Tags: Community & Outreach
Katie VanBrackle and her brother. (click for larger version)
December 26, 2012Christmas means cooperation. My older brother and I tended to annoy each other most of the time, but when the holidays rolled around, we were in tight cahoots.
I remember the year we performed a spectacular Christmas morning cantata outside the door to my parents' bedroom at 6 a.m. sharp, belting out lively carols at the top of our lungs, accompanied by various toy instruments and at least three howling dogs.
I have a lot of memories of Christmas in Rhode Island. My parents were big in decorating both inside and outside of the house, and when it snowed, it was a beautiful sight.
The best thing about Christmas was the food. Christmas night we would have our family for dinner, and the main course was French meat pies also known as toutquetts.
This was our traditional Christmas dinner. My father was a great cook. No matter how hard I try, I cannot match his expertise, but I will keep doing my best.
My favorite Christmas memory, or memories, is of the candle light Christmas Eve services at Alpharetta Presbyterian. We have the lights dimmed, candles lit and we all sing Christmas songs throughout the service. It is a wonderful way to spend time with family and remind yourself of the meaning of Christmas.
Cookies for Santa, stockings and the Elf on the Shelf have one thing in common children and Christmas. For my wife, Jane, and I, Christmas has become synonymous with Jesus' birth and those things that have related to our children through the years.
Our son Sean is a freshman at UGA, and Brittany is in middle school. Last Christmas was the first Christmas morning that we weren't all together. Sean had been invited to go on a Caribbean cruise with a good friend to celebrate their pending graduation from high school. Christmas morning came; the stockings were poured out, except one. The grandparents arrived and presents opened while our dogs relished in all the new smells, but some gifts remained waiting to be opened. There was also one less plate at the table for Christmas dinner.
Later that day, after all the food, cookies, pies, games and phone calls from relatives, our son arrived. I remember the sound of a car door in the driveway and how we eagerly gathered at the door. As he walked in, my heart was full and Christmas complete.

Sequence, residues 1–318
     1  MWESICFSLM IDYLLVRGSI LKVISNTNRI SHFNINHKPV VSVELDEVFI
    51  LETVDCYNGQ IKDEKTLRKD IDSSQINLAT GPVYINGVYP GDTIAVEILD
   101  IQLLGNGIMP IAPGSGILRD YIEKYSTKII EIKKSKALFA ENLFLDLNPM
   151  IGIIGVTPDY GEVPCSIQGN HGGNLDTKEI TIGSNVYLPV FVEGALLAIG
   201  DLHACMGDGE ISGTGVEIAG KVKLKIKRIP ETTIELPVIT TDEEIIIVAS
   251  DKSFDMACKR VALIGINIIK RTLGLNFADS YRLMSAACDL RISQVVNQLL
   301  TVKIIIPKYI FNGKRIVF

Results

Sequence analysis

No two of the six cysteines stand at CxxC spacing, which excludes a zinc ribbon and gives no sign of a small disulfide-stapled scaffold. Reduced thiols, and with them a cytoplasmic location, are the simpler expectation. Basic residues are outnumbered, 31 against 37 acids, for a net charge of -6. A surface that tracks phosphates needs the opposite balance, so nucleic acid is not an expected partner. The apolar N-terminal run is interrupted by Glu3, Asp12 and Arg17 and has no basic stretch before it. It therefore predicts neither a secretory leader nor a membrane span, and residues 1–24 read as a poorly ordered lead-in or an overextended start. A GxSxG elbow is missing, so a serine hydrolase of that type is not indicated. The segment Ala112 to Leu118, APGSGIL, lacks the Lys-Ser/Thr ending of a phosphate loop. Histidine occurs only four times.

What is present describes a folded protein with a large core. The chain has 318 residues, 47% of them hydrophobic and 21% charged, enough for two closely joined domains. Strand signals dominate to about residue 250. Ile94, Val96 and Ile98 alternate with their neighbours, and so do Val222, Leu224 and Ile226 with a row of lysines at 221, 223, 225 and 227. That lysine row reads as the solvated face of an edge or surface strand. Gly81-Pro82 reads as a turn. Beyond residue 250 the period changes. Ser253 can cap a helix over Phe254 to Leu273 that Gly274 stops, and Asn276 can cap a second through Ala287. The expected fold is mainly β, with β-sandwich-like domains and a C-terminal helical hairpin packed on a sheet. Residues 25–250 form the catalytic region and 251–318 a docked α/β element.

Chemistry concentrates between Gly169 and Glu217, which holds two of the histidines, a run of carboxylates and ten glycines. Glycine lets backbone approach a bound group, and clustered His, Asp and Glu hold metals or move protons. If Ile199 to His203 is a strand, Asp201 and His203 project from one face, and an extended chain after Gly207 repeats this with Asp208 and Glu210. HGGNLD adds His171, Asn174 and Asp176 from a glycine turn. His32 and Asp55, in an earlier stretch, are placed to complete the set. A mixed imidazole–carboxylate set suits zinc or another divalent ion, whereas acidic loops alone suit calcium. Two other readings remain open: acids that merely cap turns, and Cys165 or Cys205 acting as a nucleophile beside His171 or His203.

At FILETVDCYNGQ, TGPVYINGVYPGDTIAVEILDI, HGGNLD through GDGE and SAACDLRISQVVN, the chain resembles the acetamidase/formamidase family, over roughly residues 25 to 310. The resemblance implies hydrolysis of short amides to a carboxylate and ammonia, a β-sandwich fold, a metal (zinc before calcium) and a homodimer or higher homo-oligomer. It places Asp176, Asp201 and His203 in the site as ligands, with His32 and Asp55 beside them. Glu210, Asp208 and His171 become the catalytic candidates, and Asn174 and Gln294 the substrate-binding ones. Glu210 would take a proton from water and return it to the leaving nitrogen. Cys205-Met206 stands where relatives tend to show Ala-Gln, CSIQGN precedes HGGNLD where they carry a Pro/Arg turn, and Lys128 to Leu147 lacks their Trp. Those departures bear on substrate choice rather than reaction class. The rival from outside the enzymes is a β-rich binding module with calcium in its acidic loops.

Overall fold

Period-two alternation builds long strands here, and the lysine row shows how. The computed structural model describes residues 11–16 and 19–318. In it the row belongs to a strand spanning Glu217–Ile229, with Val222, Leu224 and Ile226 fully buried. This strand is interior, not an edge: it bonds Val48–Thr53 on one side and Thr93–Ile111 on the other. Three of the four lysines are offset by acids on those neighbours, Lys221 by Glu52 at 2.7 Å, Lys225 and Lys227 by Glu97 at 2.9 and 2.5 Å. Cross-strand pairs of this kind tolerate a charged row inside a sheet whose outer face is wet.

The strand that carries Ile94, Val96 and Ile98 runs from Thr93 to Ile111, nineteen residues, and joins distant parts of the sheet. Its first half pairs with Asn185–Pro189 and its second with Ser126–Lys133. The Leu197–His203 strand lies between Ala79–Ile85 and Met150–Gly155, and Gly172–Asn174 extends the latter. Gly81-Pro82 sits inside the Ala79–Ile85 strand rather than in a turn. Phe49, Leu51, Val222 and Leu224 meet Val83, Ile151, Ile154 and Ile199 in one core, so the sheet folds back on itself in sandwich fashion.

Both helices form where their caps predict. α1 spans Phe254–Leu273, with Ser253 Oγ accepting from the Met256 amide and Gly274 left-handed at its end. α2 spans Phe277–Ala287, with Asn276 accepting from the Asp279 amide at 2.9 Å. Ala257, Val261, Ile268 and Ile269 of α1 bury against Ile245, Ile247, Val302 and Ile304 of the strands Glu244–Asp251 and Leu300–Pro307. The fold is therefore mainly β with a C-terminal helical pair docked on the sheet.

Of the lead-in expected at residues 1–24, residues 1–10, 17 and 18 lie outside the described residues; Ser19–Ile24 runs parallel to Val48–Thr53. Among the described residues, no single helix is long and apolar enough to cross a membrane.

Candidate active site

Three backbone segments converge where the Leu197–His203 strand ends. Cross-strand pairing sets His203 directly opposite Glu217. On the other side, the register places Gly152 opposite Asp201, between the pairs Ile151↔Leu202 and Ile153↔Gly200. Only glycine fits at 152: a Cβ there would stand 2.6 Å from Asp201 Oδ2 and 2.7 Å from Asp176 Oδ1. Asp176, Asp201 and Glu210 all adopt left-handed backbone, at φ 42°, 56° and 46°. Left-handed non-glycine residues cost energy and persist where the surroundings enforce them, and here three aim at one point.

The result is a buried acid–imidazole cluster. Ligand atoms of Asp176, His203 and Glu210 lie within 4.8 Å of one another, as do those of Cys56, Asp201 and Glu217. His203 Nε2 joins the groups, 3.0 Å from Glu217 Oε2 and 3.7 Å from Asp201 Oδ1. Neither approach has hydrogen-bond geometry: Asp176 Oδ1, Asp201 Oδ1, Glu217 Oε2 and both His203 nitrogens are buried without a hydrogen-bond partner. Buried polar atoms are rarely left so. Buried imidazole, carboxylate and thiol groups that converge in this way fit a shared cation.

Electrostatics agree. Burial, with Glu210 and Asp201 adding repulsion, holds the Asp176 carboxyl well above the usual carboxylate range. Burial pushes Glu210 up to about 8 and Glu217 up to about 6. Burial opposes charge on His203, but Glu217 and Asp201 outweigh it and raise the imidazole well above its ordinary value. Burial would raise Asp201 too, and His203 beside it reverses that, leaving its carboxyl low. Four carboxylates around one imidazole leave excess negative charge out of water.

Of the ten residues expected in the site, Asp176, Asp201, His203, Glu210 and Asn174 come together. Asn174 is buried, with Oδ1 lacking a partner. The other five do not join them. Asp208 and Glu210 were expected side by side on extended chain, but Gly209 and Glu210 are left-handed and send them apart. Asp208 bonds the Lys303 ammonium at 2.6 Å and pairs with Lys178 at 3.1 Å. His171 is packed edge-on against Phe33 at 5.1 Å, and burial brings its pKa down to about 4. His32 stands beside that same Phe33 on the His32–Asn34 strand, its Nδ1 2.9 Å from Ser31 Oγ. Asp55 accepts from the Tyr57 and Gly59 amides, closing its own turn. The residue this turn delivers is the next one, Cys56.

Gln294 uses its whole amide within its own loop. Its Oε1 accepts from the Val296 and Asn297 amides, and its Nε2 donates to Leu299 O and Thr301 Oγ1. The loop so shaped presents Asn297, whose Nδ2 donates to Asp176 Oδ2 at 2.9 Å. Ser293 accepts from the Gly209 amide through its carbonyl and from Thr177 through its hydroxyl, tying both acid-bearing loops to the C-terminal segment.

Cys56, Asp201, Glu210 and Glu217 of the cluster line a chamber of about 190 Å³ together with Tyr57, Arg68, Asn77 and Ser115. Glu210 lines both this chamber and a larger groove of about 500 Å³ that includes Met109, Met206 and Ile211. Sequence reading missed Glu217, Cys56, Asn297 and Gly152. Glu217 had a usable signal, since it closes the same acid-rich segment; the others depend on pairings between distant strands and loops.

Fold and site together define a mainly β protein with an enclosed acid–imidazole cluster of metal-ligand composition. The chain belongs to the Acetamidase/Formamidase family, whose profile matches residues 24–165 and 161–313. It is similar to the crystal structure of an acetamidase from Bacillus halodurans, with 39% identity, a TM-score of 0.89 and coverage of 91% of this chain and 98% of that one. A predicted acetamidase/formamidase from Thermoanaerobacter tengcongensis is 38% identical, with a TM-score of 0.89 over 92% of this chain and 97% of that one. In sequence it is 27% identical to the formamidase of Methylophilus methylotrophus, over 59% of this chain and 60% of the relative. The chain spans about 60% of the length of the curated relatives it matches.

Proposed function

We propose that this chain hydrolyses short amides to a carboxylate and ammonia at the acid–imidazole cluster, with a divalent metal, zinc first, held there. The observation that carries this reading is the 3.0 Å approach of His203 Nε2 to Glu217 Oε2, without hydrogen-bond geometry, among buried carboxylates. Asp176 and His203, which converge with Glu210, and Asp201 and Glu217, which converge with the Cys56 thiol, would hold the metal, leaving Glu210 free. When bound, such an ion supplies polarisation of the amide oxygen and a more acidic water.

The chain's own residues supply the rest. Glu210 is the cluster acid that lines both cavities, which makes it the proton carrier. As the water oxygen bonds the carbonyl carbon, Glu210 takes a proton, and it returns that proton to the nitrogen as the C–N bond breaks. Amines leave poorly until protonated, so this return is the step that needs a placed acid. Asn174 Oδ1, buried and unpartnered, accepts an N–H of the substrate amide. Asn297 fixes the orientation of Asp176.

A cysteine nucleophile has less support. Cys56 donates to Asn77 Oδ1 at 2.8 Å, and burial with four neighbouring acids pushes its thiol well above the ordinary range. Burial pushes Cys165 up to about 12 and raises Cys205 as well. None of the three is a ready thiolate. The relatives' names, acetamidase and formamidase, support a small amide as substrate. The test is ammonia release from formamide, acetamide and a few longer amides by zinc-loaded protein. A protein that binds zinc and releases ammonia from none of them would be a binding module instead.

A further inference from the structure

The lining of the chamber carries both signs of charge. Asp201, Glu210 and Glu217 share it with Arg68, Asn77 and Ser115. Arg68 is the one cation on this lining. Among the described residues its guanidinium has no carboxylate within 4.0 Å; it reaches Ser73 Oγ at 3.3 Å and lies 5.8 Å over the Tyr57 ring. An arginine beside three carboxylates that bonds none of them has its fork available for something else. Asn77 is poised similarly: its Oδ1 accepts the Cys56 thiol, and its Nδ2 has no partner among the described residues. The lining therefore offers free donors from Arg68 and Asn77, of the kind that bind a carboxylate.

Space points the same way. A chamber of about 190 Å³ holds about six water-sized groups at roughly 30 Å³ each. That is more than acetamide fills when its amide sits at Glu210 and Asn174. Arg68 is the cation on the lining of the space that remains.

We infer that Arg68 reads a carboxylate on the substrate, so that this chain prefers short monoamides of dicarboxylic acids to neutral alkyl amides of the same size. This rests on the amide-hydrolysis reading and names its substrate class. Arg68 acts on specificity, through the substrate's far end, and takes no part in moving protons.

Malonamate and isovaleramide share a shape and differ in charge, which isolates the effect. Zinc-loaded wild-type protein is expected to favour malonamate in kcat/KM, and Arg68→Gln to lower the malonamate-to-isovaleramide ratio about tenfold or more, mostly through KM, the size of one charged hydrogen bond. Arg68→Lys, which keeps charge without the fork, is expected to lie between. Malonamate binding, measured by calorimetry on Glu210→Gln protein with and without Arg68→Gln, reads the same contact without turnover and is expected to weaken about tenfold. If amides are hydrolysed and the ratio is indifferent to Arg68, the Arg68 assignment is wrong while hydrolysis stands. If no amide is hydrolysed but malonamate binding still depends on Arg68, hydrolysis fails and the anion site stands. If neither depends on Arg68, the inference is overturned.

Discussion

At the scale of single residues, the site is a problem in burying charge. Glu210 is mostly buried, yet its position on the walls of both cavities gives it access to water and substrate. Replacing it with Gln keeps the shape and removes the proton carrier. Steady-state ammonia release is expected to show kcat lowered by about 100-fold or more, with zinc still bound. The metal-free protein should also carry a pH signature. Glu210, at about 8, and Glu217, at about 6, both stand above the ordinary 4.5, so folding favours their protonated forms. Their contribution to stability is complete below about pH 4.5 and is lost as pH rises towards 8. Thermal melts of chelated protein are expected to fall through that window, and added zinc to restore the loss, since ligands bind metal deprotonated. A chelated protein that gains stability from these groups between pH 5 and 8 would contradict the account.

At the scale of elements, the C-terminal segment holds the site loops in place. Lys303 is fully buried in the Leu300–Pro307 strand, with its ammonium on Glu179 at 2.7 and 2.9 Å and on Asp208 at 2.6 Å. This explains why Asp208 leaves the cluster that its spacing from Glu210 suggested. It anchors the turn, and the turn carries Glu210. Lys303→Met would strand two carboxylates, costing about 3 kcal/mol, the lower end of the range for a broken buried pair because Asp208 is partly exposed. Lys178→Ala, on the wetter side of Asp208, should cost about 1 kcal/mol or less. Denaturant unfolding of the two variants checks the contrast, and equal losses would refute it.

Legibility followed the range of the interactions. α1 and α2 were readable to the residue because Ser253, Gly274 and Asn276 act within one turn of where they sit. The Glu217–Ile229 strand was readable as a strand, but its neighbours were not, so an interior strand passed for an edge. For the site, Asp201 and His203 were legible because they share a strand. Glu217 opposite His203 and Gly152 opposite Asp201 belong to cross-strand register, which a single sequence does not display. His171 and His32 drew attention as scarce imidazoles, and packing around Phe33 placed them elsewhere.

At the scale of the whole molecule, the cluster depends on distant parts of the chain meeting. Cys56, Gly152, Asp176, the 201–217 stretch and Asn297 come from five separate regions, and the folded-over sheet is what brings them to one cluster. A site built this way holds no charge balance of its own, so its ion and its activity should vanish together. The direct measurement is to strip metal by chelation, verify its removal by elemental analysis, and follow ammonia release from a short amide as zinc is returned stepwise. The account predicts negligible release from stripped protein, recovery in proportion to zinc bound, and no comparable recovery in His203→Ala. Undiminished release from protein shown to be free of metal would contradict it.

I realize now that one day Jane and I will quietly celebrate together, the house still and quiet. But for now, we are blessed to have our children and Christmas memories to make. God bless and have a Merry Christmas!
Growing up, Christmas Eve was probably my favorite day of the year. Actually, I think it still is. Every year, we did the same thing — up the mountain to my grandparents' house.
My grandparents had the biggest, fattest Christmas tree I've ever seen (with the exception of the Macy's tree, probably), covered top to bottom in decorations. You could barely see the green of the tree.
I always loved that the ornaments never matched. There was never a theme. It was just an eclectic bunch of elves, birds, balls, angels and lights.
My grandparents have since passed, but the ornaments now cover my husband's and my tree. We just need a bigger tree.
When my son (who is now 19) was 2, we had a Nativity set that I displayed on an end table in our living room. Like most Nativity sets, it had the baby in a manger, Mary and Joseph on either side, a shepherd and a lamb next to Mary, the three wise men and a camel next to Joseph. (This one had a little drummer boy too, but that's another story.)
We didn't spend much time in the living room, but it was a pass-through between the kitchen and the family room. Every time I walked through the living room, the figurines in the Nativity set had been moved. Instead of the nice display with the figures lined up as if on stage before an audience, they were in a circle with the manger in the middle. Each time, I patiently put them back in place. This little contest of wills went on for several days. Finally, I entered the living room just as my son was, again, rearranging my perfectly displayed Nativity set. I gently took the figurines from his hands and said, "No, Joshua, that's not how they go." As I started to replace them, Joshua said, "But Mommy, they all want to see the baby, Jesus!"
Needless to say, the Nativity set stayed in a circle from then on.
One of mine was Christmas/Hanukkah 1991. I was traveling for about one-and-a-half months. My first stop was Boston, Mass. I was staying with friends (two sisters). You have to understand that they, their dad and I (hate to brag) are all fabulous cooks. One night, we put together a holiday meal that would knock your socks off. My friends' dad makes the world's best potato latkes (traditional Hanukkah potato pancakes). He brought out the first platter of the things. I know, you're probably thinking "first platter?" He told me to help myself, there were plenty more where they came from. I started eating these discs of pure heaven, and before you know it, the platter was empty. My friends were barely able to keep straight faces. Their dad brought out Platter No. 2. You can guess the rest. And this was on top of the roast chicken and other fixins. After cleaning up from dinner, we all bundled up and went out driving to tour "the tackiest holiday displays." We got back to the house, I put on my PJ's and we settled down in the living room to watch some TV. A few hours passed, I then decided to go to bed. I started getting up but was so bloated from Dinner-Zilla, I literally could not lift my body off the couch! The three of them had to heave me up and it was no easy feat. We still laugh about it to this very day.
My favorite Christmas memory was when we got a tiny Santa Claus with a sled and reindeer to put on top of the church in our Christmas village.